By John McCarthy | Media editor

February 6, 2017 | 2 min read

Super Bowl ads provide brands the chance to gain exposure to one of the largest, engaged audiences available but the media space comes for a price (somewhere upwards of $5m for 30 seconds).

Irreverent party game Cards Against Humanity has decided to parody the ad culture around the Super Bowl in its new video ‘Potato’ (which did not actually air during the big game).

The company took to Medium to give a (fake) breakdown of its marketing plans for the big day, to explain why it was not among the brand winners likes Netflix, T-Mobile and Mr Clean.

It claimed Wieden+Kennedy “wasted over six months of our precious time pitching concepts like people laughing while playing the game, and amusing card combinations coming to life on screen. Eventually, we realized that they were burdened by conventional thinking and fired them, but this left us with only 48 hours to complete the ad".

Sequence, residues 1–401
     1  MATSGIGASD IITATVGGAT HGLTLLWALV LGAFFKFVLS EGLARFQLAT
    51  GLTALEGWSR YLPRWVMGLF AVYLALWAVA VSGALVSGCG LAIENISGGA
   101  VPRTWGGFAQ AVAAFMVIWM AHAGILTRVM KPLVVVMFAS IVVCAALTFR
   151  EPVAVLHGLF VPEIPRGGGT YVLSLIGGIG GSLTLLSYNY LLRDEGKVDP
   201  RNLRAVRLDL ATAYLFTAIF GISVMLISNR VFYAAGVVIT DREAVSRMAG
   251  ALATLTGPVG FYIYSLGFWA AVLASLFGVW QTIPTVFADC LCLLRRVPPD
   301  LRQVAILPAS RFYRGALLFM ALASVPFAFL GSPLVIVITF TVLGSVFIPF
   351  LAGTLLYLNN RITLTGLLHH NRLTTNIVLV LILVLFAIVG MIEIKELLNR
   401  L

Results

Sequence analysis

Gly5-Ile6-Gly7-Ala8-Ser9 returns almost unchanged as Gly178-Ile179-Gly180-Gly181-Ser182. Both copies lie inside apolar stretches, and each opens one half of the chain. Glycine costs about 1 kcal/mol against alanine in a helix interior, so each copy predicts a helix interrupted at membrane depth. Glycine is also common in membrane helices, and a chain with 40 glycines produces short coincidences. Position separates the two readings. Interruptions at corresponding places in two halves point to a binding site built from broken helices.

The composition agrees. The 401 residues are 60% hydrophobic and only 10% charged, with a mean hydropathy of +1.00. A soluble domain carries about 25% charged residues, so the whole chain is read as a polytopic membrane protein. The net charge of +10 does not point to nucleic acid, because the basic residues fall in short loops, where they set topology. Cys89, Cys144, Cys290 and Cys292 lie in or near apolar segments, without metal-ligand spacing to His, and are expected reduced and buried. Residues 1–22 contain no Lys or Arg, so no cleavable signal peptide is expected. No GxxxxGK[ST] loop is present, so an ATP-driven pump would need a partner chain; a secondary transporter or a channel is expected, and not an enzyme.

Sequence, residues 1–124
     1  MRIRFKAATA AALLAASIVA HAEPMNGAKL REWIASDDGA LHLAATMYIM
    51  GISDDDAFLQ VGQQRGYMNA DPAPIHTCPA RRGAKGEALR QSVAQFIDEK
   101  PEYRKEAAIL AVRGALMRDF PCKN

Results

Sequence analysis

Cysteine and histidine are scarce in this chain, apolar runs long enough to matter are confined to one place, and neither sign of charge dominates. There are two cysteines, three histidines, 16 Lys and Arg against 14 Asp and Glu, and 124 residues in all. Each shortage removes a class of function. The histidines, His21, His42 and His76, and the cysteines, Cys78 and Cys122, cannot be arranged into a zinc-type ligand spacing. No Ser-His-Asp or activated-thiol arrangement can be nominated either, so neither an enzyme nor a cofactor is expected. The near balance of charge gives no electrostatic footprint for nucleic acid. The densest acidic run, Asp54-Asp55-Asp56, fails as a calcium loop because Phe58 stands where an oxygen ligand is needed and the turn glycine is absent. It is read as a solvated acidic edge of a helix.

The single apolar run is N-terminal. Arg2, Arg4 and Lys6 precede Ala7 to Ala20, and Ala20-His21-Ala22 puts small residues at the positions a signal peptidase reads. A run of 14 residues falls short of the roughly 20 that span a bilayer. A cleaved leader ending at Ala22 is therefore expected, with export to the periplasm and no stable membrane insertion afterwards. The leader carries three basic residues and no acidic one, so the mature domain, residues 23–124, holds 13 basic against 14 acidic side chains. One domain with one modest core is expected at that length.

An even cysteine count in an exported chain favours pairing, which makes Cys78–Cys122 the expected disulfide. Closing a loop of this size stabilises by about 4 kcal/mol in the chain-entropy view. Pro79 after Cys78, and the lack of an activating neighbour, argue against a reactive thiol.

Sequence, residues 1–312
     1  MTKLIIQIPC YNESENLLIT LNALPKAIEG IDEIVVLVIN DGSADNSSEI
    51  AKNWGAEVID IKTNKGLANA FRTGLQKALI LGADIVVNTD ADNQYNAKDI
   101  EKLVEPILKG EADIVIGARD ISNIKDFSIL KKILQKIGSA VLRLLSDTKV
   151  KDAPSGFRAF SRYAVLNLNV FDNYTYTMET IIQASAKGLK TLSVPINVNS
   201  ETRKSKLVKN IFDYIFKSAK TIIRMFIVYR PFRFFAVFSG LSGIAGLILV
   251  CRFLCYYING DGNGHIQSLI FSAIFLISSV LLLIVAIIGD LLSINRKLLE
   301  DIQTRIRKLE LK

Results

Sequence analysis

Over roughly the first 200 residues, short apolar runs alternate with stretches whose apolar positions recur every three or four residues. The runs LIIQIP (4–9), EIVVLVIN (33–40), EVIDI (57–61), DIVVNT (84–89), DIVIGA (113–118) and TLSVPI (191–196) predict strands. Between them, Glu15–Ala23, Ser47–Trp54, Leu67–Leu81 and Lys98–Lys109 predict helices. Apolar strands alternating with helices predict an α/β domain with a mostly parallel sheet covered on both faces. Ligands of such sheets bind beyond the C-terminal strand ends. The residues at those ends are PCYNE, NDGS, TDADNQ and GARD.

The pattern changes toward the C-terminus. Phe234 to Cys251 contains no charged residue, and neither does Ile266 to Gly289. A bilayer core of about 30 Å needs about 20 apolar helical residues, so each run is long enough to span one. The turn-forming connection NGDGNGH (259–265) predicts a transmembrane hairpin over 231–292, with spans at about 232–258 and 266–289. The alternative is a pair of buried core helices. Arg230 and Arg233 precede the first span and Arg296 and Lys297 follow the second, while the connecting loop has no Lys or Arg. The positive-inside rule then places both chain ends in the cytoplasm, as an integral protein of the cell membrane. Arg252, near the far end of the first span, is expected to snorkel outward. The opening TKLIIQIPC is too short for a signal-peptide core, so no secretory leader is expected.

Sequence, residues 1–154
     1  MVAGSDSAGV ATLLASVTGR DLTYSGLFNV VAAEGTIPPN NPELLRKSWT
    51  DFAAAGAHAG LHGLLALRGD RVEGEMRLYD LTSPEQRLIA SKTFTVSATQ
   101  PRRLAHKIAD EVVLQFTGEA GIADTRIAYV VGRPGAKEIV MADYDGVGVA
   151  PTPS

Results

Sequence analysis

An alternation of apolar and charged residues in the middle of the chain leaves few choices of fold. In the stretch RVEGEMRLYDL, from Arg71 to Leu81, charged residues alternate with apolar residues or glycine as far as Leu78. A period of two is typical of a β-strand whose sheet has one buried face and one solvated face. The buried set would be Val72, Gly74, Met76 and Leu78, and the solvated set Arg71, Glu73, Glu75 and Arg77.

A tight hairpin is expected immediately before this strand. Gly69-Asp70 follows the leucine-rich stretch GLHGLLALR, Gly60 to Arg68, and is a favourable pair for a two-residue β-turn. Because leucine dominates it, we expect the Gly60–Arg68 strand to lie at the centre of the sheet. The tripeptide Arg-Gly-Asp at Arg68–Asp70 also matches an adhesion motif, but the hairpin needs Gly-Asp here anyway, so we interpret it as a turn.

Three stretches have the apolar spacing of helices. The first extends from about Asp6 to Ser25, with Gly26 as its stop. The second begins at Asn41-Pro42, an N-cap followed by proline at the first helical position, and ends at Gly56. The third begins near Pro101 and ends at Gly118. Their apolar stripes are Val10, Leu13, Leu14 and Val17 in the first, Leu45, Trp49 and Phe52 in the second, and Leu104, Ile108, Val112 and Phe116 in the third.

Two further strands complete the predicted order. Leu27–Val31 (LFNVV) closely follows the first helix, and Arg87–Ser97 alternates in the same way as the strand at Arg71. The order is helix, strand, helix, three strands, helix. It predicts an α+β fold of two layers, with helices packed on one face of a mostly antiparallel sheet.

After “sacking” the agency, the group found that the potato is the most commonly consumed vegetable, favoured by US consumers.

Cards Against Humanity

In a breakdown of why a bland video of a potato marked ‘advertisment’ failed to generate the buzz of some of these brands, CAH said: “There are just some things you can’t control. We assumed that potatoes would feature more prominently in this year’s Super Bowl. However, no players were shown eating a potato, and potatoes were not mentioned at all during the game. We gambled big and lost.”

Read the full dissection of the campaign here, there’s some compelling findings for marketers.

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